When John Fitzgerald Kennedy began his long-shot quest for the presidency, he and his advisors feared his wife was a political liability and would alienate American voters with her aristocratic bearing and tastes. Not only did the Sorbonne-educated Jacqueline Kennedy cultivate a sophisticated style and dress in the slim sheaths and tight slacks favored by Parisian couturiers, she spoke in a cultured, whispery voice and was fluent in several languages. She exuded glamor. To an America used to its First Ladies looking and dressing like Bess Truman and Mamie Eisenhower, Mrs. Kennedy was an anomaly. In this analysis, I trace Mrs. Kennedy's evolution from a political liability to a political secret weapon. By focusing on three foreign trips, to Ottawa, Paris, and to several cities in India and Pakistan, I document the changing lens through which she was viewed by the press abroad, by the press at home, by her husband's political advisers, and – most importantly to her – by her husband himself. By being true to her inner muse, Mrs. Kennedy became an international star and a major political asset to the New Frontier.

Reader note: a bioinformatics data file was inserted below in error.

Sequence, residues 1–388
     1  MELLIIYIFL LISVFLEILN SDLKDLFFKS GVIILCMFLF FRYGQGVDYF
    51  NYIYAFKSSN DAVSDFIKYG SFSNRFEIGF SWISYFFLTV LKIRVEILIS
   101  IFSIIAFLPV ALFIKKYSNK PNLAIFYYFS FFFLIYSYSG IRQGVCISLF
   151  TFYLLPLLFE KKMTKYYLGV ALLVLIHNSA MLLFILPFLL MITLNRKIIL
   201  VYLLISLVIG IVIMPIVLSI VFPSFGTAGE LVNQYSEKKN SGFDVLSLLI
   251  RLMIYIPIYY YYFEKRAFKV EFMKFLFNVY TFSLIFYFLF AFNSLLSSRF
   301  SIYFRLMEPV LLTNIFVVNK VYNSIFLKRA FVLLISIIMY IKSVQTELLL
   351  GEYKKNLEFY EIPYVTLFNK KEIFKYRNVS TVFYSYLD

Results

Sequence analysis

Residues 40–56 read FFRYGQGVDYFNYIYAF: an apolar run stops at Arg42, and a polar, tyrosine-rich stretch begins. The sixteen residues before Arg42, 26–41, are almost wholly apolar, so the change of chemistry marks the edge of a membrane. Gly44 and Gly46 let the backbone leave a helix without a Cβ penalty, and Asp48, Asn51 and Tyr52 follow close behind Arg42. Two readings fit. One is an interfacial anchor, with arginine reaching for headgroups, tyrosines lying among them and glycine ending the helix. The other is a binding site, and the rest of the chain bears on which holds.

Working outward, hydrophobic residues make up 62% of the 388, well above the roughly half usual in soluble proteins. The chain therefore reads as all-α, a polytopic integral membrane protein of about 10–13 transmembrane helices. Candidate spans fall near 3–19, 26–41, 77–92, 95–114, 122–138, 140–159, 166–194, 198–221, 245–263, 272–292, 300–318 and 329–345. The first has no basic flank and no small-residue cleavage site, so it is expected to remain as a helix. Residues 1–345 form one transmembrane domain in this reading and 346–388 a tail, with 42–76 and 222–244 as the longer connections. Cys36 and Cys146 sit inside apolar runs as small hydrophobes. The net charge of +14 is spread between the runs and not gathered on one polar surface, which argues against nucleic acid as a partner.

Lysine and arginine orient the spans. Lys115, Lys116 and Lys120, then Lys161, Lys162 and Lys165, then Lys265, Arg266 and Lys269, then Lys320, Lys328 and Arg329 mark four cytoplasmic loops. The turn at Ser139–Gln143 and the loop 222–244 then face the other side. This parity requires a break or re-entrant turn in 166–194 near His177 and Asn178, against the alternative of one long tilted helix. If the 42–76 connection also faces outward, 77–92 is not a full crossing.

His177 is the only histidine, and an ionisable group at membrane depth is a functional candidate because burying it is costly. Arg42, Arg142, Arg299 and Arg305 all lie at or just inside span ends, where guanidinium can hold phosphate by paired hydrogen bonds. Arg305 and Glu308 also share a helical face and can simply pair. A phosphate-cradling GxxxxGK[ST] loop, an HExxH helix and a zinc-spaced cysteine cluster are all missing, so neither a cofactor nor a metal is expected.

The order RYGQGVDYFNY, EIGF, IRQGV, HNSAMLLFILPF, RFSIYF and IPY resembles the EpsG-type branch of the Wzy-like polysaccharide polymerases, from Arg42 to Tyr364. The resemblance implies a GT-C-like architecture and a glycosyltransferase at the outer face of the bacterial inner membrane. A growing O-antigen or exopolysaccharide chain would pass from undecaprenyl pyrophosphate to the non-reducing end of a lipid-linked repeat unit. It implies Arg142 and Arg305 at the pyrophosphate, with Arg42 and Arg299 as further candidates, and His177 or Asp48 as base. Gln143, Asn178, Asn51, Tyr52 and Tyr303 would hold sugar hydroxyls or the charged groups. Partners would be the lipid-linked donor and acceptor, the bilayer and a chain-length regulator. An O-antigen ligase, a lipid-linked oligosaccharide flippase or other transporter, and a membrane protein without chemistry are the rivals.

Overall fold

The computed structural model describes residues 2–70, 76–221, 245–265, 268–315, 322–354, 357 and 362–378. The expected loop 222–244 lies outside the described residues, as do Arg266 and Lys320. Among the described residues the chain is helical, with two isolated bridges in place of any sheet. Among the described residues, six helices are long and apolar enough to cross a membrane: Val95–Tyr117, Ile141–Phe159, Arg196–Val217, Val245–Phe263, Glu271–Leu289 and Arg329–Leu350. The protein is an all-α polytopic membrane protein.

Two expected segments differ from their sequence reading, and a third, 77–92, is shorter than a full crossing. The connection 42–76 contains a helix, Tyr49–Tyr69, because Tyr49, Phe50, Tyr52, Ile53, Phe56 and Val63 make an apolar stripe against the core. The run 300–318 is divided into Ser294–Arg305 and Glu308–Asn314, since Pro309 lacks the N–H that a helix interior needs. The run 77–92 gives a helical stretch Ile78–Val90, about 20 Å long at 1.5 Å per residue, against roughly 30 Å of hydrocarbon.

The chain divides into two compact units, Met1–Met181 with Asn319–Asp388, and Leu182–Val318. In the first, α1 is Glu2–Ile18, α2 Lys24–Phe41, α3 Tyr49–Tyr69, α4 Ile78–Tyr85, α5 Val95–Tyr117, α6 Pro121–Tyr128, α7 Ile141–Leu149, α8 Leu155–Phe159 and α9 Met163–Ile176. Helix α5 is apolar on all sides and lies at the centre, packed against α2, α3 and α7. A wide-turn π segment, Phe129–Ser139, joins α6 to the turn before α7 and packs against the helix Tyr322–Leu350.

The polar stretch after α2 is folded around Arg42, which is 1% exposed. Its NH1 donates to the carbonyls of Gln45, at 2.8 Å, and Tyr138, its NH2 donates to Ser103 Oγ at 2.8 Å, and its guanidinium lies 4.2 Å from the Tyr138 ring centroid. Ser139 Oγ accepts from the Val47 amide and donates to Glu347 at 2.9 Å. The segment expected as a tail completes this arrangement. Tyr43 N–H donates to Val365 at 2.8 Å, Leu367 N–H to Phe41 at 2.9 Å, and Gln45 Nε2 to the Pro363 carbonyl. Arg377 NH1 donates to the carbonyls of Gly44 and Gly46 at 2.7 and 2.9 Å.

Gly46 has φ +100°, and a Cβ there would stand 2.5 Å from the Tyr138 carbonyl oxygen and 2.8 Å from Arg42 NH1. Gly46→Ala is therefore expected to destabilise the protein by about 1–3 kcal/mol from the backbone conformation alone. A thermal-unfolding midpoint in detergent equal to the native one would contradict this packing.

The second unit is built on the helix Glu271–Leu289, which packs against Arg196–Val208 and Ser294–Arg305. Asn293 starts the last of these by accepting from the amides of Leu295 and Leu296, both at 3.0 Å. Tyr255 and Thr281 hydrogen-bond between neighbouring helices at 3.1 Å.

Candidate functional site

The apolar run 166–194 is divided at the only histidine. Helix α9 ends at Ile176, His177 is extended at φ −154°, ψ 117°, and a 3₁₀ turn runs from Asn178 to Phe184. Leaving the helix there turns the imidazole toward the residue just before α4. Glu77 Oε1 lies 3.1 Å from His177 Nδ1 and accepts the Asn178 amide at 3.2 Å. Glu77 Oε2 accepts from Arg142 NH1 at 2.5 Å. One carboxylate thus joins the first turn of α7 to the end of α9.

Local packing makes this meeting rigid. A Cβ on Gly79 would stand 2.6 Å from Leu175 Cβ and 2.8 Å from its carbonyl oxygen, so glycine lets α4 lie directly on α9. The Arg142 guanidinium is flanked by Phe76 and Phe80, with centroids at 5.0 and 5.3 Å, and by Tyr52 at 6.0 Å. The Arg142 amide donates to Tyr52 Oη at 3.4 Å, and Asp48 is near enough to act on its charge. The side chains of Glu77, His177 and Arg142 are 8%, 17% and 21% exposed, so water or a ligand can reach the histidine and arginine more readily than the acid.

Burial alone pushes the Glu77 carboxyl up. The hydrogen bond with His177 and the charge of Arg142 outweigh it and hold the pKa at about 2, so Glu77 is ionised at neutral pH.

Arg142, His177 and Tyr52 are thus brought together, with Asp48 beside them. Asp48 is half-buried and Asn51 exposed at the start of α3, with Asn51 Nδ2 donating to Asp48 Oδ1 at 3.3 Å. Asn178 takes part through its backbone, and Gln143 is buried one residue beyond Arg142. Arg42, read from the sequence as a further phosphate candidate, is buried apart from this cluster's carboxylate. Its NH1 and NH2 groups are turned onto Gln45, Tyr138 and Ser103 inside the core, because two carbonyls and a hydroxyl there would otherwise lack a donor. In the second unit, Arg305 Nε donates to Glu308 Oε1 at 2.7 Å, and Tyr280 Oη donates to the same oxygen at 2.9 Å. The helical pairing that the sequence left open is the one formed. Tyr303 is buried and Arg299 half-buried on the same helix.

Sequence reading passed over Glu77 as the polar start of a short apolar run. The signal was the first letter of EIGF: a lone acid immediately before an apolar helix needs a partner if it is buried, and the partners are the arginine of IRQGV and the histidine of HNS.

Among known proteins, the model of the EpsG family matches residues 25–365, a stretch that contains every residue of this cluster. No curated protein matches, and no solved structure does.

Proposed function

|Advisor:||Tempo, Carl Bon|
|Commitee:||Hamm, Richard F.|
|School:||State University of New York at Albany|
|School Location:||United States -- New York|
|Source:||MAI 51/02M(E), Masters Abstracts International|
|Subjects:||American history, Womens studies, Political science|
|Keywords:||1960 election, Fashion, Glamor, Jacqueline Kennedy|
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